Dimsdale in reply to LibraryGryffon. | June 19, 2022 at 8:24 am

    After they wisely took out the gasoline tax, albeit temporarily.

    Lefties just can’t see the forest for the trees; they will drive their economies into the dirt (more than the crops).

    You know that special time when the tide goes waaaay out before a tsunami comes in? We are watching that receding (recession joke here?) occurring as we speak.

Well, at least there are no mean tweets from the White House.

All going to plan it seems. After all, communists love to starve their subjects.

The news is having trouble with prices and scarcity. Scarcity causes high prices. The story could be record diesel prices may lead to record food prices, or record diesel scarcity may lead to food scarcity.

They uncouple only if you have price controls, in which case you get moderate prices but no product.

Otherwise the high price does the rationing needed.

“Average diesel prices in the US Monday reached $5.70 per gallon”
A little misleading when applied to fuel used in agriculture which is exempt from Federal fuel tax and probably may be tax free in many states. Rising costs, however, still a big problem for farmers. (and us)

    alaskabob in reply to SHV. | June 18, 2022 at 1:45 pm

    Really? So everything in the country magically shows up? The exception is not the rule and that is misleading.

    RandomCrank in reply to SHV. | June 18, 2022 at 1:52 pm

    Idiot, the tax status of diesel has not changed. Yes, there’s an off-road break. There was before. But, you moron, the value of that break as a share of the fuel price has diminished. Please tell us: Just how stupid are you?

    Guardian79 in reply to SHV. | June 18, 2022 at 3:37 pm

    There ain’t no tax break for DEF, which is required for the tractors. And no tax breaks for the semi-trucks and trains that have to haul the product from the farm to the wholesalers and processing plant and then to the store.

    dmacleo in reply to SHV. | June 18, 2022 at 5:18 pm

    off road diesel is 5.70/gallon here.
    but the semis they use to haul seed, haul finished product to grain co-ops, etc, usually uses on road and often has the fuel stickers displayed.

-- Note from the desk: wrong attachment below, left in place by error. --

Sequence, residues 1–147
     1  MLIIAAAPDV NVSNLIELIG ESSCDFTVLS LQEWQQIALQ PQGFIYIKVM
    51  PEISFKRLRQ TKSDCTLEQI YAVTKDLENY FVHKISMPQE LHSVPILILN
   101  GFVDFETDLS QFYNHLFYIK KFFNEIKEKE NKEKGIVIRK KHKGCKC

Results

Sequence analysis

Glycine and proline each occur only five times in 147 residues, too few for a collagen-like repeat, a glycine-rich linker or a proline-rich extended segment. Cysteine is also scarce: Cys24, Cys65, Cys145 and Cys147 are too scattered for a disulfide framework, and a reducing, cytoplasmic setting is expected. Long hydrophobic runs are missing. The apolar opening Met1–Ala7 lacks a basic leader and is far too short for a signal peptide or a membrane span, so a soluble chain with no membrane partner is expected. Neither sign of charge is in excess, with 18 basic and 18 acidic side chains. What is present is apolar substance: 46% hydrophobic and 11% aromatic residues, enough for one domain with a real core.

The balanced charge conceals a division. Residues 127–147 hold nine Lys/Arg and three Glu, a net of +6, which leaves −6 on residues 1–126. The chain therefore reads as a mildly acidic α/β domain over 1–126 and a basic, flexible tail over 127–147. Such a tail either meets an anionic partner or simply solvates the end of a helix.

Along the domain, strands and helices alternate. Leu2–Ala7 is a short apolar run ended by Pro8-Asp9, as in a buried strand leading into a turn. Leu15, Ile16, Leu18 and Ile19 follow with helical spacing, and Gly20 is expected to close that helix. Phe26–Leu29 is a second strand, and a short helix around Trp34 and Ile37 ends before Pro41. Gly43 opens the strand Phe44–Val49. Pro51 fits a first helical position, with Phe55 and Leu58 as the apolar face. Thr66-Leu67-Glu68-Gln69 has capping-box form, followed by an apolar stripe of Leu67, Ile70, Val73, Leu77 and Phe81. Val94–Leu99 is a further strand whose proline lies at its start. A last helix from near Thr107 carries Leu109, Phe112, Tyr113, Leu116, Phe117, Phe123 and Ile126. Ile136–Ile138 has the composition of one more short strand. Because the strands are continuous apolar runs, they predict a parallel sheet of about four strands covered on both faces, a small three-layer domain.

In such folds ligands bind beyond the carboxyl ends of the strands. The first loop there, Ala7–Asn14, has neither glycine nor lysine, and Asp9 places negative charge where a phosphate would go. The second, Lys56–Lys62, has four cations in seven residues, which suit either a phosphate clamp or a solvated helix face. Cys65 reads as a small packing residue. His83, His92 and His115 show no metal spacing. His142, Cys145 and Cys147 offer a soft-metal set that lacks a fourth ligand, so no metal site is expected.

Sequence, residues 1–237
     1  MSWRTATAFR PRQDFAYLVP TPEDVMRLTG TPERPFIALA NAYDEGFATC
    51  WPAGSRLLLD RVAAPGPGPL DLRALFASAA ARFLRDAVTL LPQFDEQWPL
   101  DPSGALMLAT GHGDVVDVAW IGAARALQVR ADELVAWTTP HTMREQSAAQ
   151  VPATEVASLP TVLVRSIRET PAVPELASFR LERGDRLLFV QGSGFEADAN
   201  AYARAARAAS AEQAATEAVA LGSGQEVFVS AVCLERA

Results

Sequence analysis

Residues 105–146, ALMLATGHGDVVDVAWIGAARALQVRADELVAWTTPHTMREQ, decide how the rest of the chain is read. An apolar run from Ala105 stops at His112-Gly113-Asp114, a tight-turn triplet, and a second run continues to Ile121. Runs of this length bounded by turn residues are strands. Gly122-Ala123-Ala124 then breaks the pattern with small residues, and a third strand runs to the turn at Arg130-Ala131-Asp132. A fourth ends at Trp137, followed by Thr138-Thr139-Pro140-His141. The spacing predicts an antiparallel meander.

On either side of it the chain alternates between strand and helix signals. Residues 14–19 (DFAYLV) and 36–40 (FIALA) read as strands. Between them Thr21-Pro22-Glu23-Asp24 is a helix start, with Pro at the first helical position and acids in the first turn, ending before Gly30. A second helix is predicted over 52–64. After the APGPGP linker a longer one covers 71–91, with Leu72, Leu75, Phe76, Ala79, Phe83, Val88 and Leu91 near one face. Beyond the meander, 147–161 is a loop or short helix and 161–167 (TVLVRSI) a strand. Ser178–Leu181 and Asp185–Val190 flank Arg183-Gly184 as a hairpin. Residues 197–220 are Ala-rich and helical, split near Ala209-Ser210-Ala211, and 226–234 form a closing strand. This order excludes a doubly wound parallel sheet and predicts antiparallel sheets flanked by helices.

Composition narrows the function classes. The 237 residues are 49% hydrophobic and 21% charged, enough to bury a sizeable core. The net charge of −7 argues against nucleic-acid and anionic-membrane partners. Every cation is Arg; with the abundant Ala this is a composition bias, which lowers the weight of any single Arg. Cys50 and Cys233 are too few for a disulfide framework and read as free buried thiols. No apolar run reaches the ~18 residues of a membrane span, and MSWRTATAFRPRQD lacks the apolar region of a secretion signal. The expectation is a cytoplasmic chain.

So, is the DEF requirement enforced by some type of sensor in tractor? It seems like you could just bypass that the same way people hollow out their catalytic converter, no?

    RandomCrank in reply to Dathurtz. | June 18, 2022 at 1:59 pm

    DEF sensor simulators exist, but I don’t know anything more.

    Guardian79 in reply to Dathurtz. | June 18, 2022 at 3:35 pm

    Most modern tractors won’t run without it. John Deere owns the software on the tractors and will know if you’re not using DEF. It will void the warranty, so if the tractor breaks, the tractor is essentially a lump of metal with the farmer unable to fix it. And if the farmer tries to delete the DEF system, John Deere will know and shutdown the tractor remotely. Look up the “Right to Fix” movement.

I don’t think it’s a good idea to starve the people before taking their guns away from them
And I’m not talking suicide

    Whitewall in reply to gonzotx. | June 18, 2022 at 3:19 pm

    Starve them, keep trying to disarm them, tell them it’s only going to get worse especially if they have the audacity to complain or, heaven help, vote wrong. hy-fertilizer/production-of-fertillizer/

My father was a Coastie. I was Navy. In his civilian life he was in shipping. I was technically an engineer later, but I was in shipping. When you are in the sea services your main mission is keeping the sea lanes open.

We’re going to run out of DEF. It will suck hard. I hope everybody had a rifle.

    Arminius in reply to Arminius. | June 18, 2022 at 2:00 pm

    I’m thinking of raising hawgs. You throw away doughnuts, I raise pigs.

      Snail in reply to Arminius. | June 18, 2022 at 2:14 pm

      Arminius, send me your address and I’ll ship you my extra donuts. Normally I send them to The View but I’d rather your hawgs have them. You’re welcome.

        Peabody in reply to Snail. | June 18, 2022 at 2:45 pm

        If you have any extra gas send it to me. My Hawg is a Harley.

          Arminius in reply to Peabody. | June 18, 2022 at 6:36 pm

          Maybe you think I’m kidding. Back in the early 2000s I served in Sandy Eggo with a few Chiefs. They raised hogs.,

          Peabody, what is this thing you speak of? Extra gas.

Not only diesel, but there are also shortages of DEF (diesel exhaust fluid) which is mandated by the EPA on newer diesel equipment. Which, by the way, the base ingredient is urea. Guess who are the top suppliers of urea, China and Russia. Also, fertilizer has been in short supply.

I live in farm country. Between the cost of diesel, the shortages of DEF and fertilizers, the cost of electricity, and the rising cost of financing, I see farmers unable to plant their fields due to costs and shortages, especially smaller farms which cannot secure the financing needed to plant a crop.

    Arminius in reply to Guardian79. | June 18, 2022 at 6:23 pm